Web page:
A LEG UP

Although it has been 20 years since the younger of my two children entered college as a freshman, it was more than with a modicum of interest, that I read about Lori Loughlin (an actress that I had never heard of) being sentenced to two months in prison for her recent role in a College Admission Scandal. Ms. Loughlin, at the recommendation of William Singer, a college admissions consultant, knowingly falsified applications of her daughter, to give her a “leg up” in being accepted as a student, at the University of Southern California.
With the High Holy Days less than a month away, hopefully, many of us, if not all of us, ought to realize, that concepts such as “admissions” and “leg up” are very much in play, when it comes to being “admitted” into the Book of Life. Unlike students of today applying the colleges of their choice, all who seek entry into the age-old Book of Life are openly provided with a “leg up” in being accepted. This “leg up” is known as Teshuvah. Contrary to what we have been taught, Teshuvah has more than one meaning.

Outside the realm of religion, Teshuvah means an answer or a response. Just as first-graders in our culture are conditioned to hear: “who knows the answer to…”, so too first-graders in Israel are conditioned to hear the word Teshuvah. Yet, Teshuvah is anything but kid’s stuff. Teshuvah is part and parcel of being an adult in the eyes of our tradition. Children are exempt from answering for their behavior. Adults (provided they are of sound body and mind) are required to. Yet, how many of us live our lives, aware of the fact, that our religion holds us responsible for what we do, just as our religion holds us responsible for what we do not do? In either case, we will be required to provide a Teshuvah; in either case, we required to provide an answer. Unlike other religions, our day of reckoning is not an end of life experience, where we hope to gain entry into heaven at the conclusion of our lives; our day of reckoning is an annual phenomenon, where we hope to gain entry into the Book of Life.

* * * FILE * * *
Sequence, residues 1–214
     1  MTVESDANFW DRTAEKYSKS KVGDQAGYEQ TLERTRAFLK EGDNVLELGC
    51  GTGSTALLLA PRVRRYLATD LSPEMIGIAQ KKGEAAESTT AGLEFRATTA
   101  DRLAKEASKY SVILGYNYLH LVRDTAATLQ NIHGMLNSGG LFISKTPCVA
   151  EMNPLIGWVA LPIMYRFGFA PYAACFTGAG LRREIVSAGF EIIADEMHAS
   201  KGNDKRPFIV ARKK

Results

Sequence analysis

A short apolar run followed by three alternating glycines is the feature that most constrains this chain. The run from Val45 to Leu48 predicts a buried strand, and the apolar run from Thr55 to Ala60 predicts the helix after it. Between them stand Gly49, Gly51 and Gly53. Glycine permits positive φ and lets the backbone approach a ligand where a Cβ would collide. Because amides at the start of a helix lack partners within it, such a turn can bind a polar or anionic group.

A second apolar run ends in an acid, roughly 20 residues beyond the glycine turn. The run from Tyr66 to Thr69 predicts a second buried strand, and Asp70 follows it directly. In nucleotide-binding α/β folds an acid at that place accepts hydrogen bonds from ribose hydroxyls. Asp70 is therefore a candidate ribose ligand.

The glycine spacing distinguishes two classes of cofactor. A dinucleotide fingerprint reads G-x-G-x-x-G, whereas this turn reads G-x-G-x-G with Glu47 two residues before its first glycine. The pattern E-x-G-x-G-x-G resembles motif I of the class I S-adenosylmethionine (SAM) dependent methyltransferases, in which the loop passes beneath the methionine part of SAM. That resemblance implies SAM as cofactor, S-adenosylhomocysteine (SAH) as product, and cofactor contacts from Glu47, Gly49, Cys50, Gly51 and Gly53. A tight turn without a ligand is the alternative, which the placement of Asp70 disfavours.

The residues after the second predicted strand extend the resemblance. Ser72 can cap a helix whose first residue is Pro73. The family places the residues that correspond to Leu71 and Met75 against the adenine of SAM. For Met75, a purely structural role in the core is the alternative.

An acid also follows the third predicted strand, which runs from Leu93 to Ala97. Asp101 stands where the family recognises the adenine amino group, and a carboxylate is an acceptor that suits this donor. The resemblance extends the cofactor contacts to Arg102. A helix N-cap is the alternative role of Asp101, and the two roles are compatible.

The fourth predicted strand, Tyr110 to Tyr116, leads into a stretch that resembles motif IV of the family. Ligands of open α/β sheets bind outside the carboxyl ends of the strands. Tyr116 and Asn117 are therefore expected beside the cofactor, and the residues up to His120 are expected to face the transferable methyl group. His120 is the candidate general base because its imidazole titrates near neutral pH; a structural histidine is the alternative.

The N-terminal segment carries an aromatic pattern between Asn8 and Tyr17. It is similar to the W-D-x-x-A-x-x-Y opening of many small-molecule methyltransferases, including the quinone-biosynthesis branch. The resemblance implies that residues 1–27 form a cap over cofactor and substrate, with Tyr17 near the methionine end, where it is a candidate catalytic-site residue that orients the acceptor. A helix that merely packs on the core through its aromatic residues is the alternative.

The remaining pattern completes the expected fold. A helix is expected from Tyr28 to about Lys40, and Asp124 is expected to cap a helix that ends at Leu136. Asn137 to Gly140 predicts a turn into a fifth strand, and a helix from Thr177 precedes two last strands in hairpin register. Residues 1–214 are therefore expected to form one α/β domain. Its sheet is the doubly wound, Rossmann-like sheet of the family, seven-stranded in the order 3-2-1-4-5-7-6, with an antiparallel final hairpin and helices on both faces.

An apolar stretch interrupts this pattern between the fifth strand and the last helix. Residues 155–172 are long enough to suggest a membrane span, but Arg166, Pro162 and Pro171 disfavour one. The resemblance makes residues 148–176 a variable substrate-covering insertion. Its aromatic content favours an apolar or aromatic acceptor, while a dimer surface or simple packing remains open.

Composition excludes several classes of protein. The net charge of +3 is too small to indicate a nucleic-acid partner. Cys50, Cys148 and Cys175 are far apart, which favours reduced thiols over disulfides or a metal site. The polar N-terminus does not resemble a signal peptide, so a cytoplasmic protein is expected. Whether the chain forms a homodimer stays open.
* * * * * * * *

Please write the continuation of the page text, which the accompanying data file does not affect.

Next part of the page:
Among the many songs that bring me to tears is The Circle Game. Composed and sung by Joni Mitchell, the artist concludes each of its four stanzas, by hauntingly reminding us: “We can’t return, we can only look behind from where we came”. Nonsense! argues our tradition. The entire time period beginning with Rosh Hashana and culminating in Yom Kippur, is predicated upon our returning, retracing our steps, examining our missteps and trying to figure out how to properly step up to the plate, the next time. What disappoints HaShem, is not our mistakes; what disappoints HaShem is a failure – or even worse, our refusal to return and revisit where we went wrong so that we can learn from our mistakes and to profit from that experience. Throughout the year, three times each and every weekday, towards the beginning of what is known as the Shemoneh Esreh, we request of HaShem, to bring us back and to His Torah and His service. We conclude that request, with the words: Blessed are You HaShem who desires Teshuvah. Without exception, Teshuvah is translated in the siddur, as “repentance”. Yet, no mention whatsoever is made of our having sinned or transgressed (that’s the subject of the following prayer). Having begun with a request to bring us back, would it not seem more logical to conclude that request with words translated to mean: Blessed are You HaShem who desires that we return or come back?